The foot and sandal prints offer insight into just how ancient craftsmen built this elaborate mosaic.
Foot and sandal prints said to be 1,700 years old have emerged from one of Israel's largest and finest mosaics.
The markings reveal how ancient artisans could have crafted the mosaic during the Roman period.
Spreading over 180 square meters (215 square yards), the mosaic -- apparently the floor of a lavish Roman villa -- was uncovered 13 years ago at Lod, south of Tel Aviv, only three feet under an asphalt road not far from Ben-Gurion Airport.
After a brief display for a single weekend, attracting thousands of visitors, the mosaic was covered until funds could be found to preserve it.
A recent influx of donations has allowed archaeologists from the Israel Antiquities Authority to revisit the colorful scenes of birds, fish, exotic animals and merchant vessels.
Made of millions of small stones, the mosaic is being disassembled in order to transport it to restoration labs.
"Beneath a piece on which vine leaves are depicted, we discovered that the mosaic's builders incised lines that indicate where the tesserae (mosaic tiles) should be set," said Jacques Neguer, head of the Israel Antiquities Authority conservation department. "Afterwards, while cleaning the layer, we found the imprints of feet and sandals."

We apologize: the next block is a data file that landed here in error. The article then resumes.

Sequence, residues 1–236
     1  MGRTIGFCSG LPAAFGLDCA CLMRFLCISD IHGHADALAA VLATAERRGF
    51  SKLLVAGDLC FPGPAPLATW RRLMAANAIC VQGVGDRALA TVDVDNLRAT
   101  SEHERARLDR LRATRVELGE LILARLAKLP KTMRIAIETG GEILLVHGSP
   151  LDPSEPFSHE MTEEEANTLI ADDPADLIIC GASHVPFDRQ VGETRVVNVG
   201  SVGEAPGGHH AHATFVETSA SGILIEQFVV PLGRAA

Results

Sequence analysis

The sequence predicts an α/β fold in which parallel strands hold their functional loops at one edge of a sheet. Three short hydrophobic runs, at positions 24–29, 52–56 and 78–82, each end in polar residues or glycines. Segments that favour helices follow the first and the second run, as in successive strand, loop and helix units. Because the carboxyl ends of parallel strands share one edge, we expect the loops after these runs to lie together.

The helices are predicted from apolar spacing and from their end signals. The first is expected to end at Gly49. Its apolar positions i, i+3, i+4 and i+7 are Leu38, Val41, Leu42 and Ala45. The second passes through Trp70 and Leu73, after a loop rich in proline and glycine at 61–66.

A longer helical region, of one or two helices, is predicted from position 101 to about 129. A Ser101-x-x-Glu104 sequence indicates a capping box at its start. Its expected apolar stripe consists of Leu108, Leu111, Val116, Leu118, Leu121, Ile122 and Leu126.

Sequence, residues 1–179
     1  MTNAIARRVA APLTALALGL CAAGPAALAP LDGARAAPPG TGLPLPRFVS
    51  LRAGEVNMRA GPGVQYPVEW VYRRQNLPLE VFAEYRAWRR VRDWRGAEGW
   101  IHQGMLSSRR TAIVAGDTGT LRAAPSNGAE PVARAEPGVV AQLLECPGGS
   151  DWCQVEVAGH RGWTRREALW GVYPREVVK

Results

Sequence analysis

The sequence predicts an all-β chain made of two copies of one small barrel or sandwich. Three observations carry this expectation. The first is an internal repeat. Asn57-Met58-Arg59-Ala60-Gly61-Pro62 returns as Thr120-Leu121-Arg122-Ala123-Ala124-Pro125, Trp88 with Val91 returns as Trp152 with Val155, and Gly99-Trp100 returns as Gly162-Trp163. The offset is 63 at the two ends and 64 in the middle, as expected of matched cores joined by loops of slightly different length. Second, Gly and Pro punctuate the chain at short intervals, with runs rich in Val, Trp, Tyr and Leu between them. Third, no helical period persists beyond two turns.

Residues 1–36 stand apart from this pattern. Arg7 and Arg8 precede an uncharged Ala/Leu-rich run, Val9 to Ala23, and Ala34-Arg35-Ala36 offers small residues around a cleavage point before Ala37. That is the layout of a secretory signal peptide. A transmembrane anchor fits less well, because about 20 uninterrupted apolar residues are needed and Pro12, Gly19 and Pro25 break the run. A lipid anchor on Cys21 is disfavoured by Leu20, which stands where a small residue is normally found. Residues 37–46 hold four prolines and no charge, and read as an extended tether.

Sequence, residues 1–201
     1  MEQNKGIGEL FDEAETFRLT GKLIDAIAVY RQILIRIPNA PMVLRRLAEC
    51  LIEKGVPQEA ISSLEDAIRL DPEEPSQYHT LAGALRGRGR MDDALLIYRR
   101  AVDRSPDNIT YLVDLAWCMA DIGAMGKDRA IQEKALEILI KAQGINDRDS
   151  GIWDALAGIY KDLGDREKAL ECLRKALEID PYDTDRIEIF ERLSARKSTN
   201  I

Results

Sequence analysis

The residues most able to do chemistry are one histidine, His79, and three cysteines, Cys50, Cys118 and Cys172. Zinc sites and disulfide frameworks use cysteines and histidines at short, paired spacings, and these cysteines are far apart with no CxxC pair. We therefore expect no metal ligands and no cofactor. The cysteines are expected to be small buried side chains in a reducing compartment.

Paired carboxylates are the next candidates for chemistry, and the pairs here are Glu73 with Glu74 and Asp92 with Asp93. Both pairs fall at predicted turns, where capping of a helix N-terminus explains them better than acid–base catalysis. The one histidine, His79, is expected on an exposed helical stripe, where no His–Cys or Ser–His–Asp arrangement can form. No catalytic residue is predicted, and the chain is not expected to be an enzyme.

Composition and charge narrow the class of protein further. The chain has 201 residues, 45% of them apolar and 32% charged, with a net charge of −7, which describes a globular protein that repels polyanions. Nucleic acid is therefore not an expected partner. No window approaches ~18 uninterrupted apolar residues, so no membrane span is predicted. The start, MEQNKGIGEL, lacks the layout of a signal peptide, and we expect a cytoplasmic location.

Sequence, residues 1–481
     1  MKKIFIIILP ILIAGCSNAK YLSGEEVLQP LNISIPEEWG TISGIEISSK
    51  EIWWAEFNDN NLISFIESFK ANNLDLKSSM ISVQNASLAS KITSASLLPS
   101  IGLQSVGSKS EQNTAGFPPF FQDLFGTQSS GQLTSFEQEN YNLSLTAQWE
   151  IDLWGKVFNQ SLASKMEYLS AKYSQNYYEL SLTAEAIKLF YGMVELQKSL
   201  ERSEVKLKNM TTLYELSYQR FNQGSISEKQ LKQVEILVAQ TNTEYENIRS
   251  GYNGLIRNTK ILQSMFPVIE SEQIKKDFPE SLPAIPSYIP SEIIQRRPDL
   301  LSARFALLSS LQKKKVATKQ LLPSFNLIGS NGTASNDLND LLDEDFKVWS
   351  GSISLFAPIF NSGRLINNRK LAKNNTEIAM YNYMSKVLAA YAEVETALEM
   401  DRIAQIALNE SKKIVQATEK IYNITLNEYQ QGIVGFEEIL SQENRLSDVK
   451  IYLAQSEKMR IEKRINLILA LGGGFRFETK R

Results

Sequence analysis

The petrified sandal prints that accompany the mosaic ranged in size, suggesting that children might have been at the site.
According to Neguer, the concentration of foot and sandal prints indicate that builders packed the mortar in place with their feet.
"The footprints are scientific material to be studied by anthropologists and archaeologists, but for conservators, they are a symbol of continuity," Neguer told Discovery News. "Some 1,700 years ago, the mosaic-makers walked on the same bedding mortar we are working on today."
At least one imprint of a sole resembled a modern sandal, he added.
"Looks like little has changed in the fashion world. However, scientific investigations are yet to be carried on the prints," Neguer said.
According to Andre Veldmeijer, an archaeologist who specializes in ancient Egyptian leatherwork, footwear and cordage, it is not possible to say what a sandal looked like on the basis of prints.
"Imprints can only tell what kind of shape the sandal was and perhaps, if the print is really good, if it was made of vegetable fiber or not," Veldmeijer told Discovery News.
The foot prints will be removed for conservation and exhibited with the mosaic flooring at a museum in Lod. A part of the mosaic will be displayed at the Metropolitan Museum of Art next year.